We aren’t even through the 2006 midterm elections, yet rumors are already flying about who will seek the Presidency in 2008. In fact, both parties already have announced candidates, although none of them are considered serious contenders for the nominations. The most likely nominee on either side will probably not announce their candidacy until early 2007 or later.
On the Democratic side, former First Lady Hillary Clinton seems to be the front-runner. On the Republican side, there are several possibilities. These include Secretary of State Rice, Senator John McCain, and Senator George Allen. The problem is, many of the potential Republican Candidates face major obstacles. For example, McCain is a force to be reckoned with, yet he will be near 80 years of age in 2008, and likely too old to seek win the Presidency. Other candidates, such as former New York mayor Rudy Giuliani, are considered too liberal on social issues. Giuliani himself is pro-choice and pro-gay right, issues that could seriously damage his candidacy. The other problem seems to be baggage, both of the political and personal variety. George Allen, for example, is facing allegations he used the “N” word in high school.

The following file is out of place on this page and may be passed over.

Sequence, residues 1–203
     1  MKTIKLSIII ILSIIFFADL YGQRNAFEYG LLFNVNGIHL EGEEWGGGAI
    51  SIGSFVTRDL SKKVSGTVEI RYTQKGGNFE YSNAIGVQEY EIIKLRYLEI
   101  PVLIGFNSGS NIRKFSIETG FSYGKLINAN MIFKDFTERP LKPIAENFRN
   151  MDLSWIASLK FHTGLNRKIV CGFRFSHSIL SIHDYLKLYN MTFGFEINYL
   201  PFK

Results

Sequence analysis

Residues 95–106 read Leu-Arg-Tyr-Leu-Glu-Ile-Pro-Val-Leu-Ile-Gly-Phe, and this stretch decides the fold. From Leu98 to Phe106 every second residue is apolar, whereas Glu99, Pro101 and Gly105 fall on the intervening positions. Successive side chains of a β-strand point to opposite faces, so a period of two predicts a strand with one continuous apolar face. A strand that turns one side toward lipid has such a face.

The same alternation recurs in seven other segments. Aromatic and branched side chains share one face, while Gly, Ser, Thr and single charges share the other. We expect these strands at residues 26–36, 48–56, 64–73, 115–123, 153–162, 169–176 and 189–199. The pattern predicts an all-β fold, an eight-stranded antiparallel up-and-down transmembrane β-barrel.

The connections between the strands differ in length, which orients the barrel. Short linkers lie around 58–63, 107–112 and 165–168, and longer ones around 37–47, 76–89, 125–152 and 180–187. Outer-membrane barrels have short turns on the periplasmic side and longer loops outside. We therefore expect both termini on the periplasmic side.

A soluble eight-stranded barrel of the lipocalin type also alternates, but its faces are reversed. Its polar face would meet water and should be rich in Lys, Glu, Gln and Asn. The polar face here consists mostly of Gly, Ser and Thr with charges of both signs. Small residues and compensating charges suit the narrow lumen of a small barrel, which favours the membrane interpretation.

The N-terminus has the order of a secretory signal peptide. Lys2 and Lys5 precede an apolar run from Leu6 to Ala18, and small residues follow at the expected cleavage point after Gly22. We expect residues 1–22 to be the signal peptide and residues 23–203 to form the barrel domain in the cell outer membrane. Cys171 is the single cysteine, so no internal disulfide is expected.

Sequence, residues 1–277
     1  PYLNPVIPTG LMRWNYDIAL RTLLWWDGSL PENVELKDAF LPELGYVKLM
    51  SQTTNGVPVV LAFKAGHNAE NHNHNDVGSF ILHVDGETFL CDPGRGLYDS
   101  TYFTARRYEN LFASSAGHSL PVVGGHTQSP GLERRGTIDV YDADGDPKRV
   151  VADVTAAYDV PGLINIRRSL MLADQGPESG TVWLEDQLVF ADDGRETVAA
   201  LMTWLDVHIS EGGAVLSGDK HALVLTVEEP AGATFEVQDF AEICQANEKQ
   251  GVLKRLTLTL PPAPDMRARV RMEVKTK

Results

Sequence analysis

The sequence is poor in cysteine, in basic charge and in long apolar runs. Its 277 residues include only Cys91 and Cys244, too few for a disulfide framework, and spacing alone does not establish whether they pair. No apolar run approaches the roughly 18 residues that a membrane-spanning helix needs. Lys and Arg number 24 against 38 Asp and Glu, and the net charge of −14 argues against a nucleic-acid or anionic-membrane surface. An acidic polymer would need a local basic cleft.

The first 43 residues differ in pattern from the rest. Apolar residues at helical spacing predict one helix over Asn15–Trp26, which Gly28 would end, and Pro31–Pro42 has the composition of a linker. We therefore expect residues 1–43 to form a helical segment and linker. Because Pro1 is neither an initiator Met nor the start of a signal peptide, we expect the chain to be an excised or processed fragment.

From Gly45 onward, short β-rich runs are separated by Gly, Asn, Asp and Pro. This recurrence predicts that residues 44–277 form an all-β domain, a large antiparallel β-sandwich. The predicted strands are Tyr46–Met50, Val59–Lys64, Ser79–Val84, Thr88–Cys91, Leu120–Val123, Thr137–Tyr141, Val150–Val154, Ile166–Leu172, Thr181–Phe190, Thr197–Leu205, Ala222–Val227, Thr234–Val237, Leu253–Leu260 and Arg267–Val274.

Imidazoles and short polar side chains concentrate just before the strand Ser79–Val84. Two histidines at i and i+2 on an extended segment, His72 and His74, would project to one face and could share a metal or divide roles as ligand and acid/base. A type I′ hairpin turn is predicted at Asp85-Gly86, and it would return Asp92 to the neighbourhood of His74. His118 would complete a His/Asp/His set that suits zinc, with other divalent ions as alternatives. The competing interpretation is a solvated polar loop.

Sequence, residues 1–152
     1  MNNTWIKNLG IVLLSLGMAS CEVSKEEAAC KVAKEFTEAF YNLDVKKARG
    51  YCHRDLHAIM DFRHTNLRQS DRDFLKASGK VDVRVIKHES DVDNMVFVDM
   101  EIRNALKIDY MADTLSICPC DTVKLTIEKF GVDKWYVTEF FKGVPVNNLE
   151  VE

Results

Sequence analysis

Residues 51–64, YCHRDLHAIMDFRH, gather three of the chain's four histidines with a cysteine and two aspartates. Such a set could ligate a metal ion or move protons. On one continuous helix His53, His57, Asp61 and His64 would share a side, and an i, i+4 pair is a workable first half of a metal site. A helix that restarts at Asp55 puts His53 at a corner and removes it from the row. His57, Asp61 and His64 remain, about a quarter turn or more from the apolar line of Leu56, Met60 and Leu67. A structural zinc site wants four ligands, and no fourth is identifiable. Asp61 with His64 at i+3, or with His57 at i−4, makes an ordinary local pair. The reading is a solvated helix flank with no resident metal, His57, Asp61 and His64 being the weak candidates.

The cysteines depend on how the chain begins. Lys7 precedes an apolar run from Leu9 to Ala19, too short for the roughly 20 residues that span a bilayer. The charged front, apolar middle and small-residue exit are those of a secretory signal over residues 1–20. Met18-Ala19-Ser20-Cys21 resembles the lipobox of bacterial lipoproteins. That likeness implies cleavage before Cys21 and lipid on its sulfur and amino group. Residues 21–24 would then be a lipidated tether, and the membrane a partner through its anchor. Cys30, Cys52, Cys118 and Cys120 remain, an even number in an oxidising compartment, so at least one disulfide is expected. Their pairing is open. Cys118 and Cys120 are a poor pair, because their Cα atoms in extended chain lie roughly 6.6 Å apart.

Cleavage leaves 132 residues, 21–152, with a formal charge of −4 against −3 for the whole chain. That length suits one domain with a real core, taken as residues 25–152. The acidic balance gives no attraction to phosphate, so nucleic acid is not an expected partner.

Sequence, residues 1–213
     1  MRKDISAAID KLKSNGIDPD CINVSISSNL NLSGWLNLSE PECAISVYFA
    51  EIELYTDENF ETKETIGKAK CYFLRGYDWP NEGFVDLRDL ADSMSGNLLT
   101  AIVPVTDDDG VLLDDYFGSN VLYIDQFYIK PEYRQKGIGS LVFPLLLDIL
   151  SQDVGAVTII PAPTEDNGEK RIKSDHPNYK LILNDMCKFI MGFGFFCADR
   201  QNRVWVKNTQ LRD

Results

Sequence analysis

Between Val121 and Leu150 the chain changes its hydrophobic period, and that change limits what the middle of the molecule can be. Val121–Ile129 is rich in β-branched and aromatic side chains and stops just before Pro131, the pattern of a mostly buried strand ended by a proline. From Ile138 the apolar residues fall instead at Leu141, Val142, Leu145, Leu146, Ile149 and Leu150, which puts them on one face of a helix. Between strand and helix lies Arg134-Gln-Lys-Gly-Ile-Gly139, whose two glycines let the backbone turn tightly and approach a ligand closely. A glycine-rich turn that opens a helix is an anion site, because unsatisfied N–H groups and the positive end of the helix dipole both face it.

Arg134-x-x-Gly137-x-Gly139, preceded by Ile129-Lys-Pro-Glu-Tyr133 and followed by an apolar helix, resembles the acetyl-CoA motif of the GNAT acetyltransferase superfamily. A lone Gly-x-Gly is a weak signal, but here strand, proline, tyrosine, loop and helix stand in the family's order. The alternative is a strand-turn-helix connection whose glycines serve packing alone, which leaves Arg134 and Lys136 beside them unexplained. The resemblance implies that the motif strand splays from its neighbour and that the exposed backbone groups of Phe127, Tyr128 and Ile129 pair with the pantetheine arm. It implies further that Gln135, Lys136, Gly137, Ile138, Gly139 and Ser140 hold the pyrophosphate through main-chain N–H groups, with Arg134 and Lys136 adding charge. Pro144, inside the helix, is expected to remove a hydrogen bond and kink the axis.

Despite all this, I believe that the Republican Party has a good chance of running a strong candidate in 2008, and either running an extremely close race, or quite possibly, winning the Presidency. John Thune is a first-term Senator from South Dakota, and has previously held office in the House of Representatives. Thune unseated minority leader Tom Daschle in the 2004 election, something that has not happened in 52 years. Thune is a Conservative who is the role model of a good Republican. He is a strong proponent of family values, openly opposing abortion and gay marriage; he supports fiscal responsibility, including requiring a ballanced budget every year. I won’t run off the whole list, but I do encourage you to visit his Senate website. As of yet, Thune has not announced his intentions for 2008, but I believe that he would be an excellent choice for the Republican nomination.